Sorry, Turkey, we can't connect you: Robert Farish looks at how politics affects communications technology in the former Soviet republics

Ariane's failure last month to launch Turksat 1 (see below), the first in Turkey's national satellite programme, will be a blow to Turkey's plans to use the telephone to strengthen its influence in the Asian republics of the former Soviet Union.

The pounds 210m Turksat programme consists of two satellites (the second is still scheduled to launch at the end of 1994) and will have several purposes - from broadcasting in Turkish to the large ethnic Turkish populations in Western Europe to reconnaissance applications to give the Turkish army an edge over the PKK, the Kurdish rebel movement operating in the country's Eastern border areas. However its main goal was to provide telecommunications services to the huge, sparsely populated regions of eastern Turkey and central Asia.

In its promotions literature the Turkish PTT (the government department responsible for telecommunications) says it plans to provide international links to each of the Asian republics of the former USSR, making Ankara the telecommunications hub of the whole region.

Turkey regards itself as the natural candidate to fill the power vacuum in central Asia following the break up of the Soviet Union. In this it has the active support of Western nations which view the country as an essential counterweight to increased Iranian influence.

Who controls international telephone access is of great political importance in these isolated countries. In much of the former Soviet Union the telephone system was appalling, and in central Asia it was especially bad. Anyone wishing to call abroad could only do so by making a booking - which could take more than a day. All calls had to go via Moscow, which meant Russia controlled the sole means of communication with the outside world. Acting as if it were simply dealing with a bad customer, the Russian Ministry of Communications cut off Georgia from the international exchange last autumn for a week for not paying its bills.

In 1991 the state-owned Turkish company Netas installed digital switches in Baku, Azerbaijan and in Alma-Ata, Kazakhstan. It also had talks with the Azerbaijani authorities on establishing a telephone manufacturing plant in Baku. What it offered was a highly subsided international connection with the world in return for Turkey controlling it.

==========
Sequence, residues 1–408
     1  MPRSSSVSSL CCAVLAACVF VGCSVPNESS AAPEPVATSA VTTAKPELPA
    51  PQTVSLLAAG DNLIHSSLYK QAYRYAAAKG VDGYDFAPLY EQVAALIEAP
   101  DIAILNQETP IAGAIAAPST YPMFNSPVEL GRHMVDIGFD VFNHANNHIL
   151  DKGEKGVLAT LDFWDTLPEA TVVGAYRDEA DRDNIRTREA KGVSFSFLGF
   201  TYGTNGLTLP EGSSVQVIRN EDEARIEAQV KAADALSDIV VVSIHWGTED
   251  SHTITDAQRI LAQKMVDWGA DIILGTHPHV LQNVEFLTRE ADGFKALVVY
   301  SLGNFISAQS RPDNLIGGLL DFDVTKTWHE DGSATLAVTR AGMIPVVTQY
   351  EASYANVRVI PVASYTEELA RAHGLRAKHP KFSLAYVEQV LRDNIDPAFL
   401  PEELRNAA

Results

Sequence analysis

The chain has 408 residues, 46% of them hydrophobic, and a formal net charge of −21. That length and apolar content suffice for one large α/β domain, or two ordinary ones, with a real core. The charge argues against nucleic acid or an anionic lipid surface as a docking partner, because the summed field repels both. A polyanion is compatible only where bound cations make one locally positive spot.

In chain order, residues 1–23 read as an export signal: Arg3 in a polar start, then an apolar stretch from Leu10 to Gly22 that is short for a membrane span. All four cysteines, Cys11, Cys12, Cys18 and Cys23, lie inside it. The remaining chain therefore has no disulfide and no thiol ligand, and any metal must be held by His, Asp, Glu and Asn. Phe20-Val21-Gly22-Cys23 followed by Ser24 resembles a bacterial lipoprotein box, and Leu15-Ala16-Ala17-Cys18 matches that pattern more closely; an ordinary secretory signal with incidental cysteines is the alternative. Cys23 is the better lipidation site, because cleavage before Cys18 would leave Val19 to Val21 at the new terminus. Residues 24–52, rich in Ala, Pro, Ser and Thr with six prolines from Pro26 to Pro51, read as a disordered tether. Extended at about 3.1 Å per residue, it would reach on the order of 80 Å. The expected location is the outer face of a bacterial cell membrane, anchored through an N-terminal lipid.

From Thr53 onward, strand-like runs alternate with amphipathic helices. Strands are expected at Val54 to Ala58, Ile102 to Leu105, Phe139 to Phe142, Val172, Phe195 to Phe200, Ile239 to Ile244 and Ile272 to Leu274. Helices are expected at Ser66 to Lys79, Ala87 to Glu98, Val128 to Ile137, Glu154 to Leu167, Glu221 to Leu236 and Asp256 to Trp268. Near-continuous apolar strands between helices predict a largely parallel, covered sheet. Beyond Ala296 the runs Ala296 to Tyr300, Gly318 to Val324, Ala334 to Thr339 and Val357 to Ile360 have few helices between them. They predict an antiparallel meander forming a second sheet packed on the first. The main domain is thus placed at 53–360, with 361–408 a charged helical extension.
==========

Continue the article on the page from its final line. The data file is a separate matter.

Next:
At the end of 1991 the Turkish PTT said it would invest up to dollars 100m in each of the republics and provide each with a small local telephone exchange and a satellite base station. The following year satellites dishes were taken by road and delivered to each of the republics. In each case the governments of these countries were asked for no money and the service was to be paid for by income collected from calls. The satellite antennae were former US military dishes.

The latest piece of the jigsaw fell into place last December. The Georgian Ministry of Communications signed a contract with the Turkish firm, Deletash, on the construction of telephone exchanges in the towns of Kobuleti and Poti and, more importantly, the creation a microwave link through Georgia which would connect Turkey to Turkmenistan. In common with previous agreements the dollars 5m cost of the project will be paid from Georgian tariff incomes.

The political significance of the deals lies in the technology being used. All calls must first travel to Ankara in Turkey, where they are then switched and dispatched to anywhere in the world. This is because the telephone exhanges installed in the Asian replublics cannot handle international calls themselves. Connected in this way, the countries of central Asia become part of the Turkish national telephone system. This system currently uses an international communications satellite called Intelsat. Turksat will enable Turkey to decrease its reliance on what limited space it has on Intelsat and take total control over routing central Asian calls.

Control over the switching of calls means that Turkey also benefits from all revenues from billing incoming international calls to central Asia. It is in this area that the real profits are to be made in connecting the world to the former Soviet Union to the world (there are far more rich people wanting to call central Asia than people in the region rich enough to ring out).

The launch of Turksat 1 was already two years late because of financing and contractual problems. Although it was insured, because there was no back up satellite there will now be a delay of two to four years for a new satellite to be built and a launch window found. The loss of Turksat 1 and ensuing delays could put the telephone scheme in jeopardy. While the Turkish PTT is delayed yet again, others have been making deals. Japanese- owned NEC and the Japanese PTT have now established and operating satellite link in Uzbekistan, undermining the effectiveness of the Turkish project. From last year the US-based IDB International Communications has offered services to and from Baku in Azerbaijan.

Interestingly, Iran has chosen not to join the telephone battlefield. Instead, it sees the struggle as religious rather than technical and is attempting to extend its influence in the region by sending mullahs rather than satellites.

Robert Farish is the editor of 'Computer Business Russia' in Moscow. Tel: (7095) 265 4214 Fax: (7095) 261 7910 e-mail: farish@glas. apc. org

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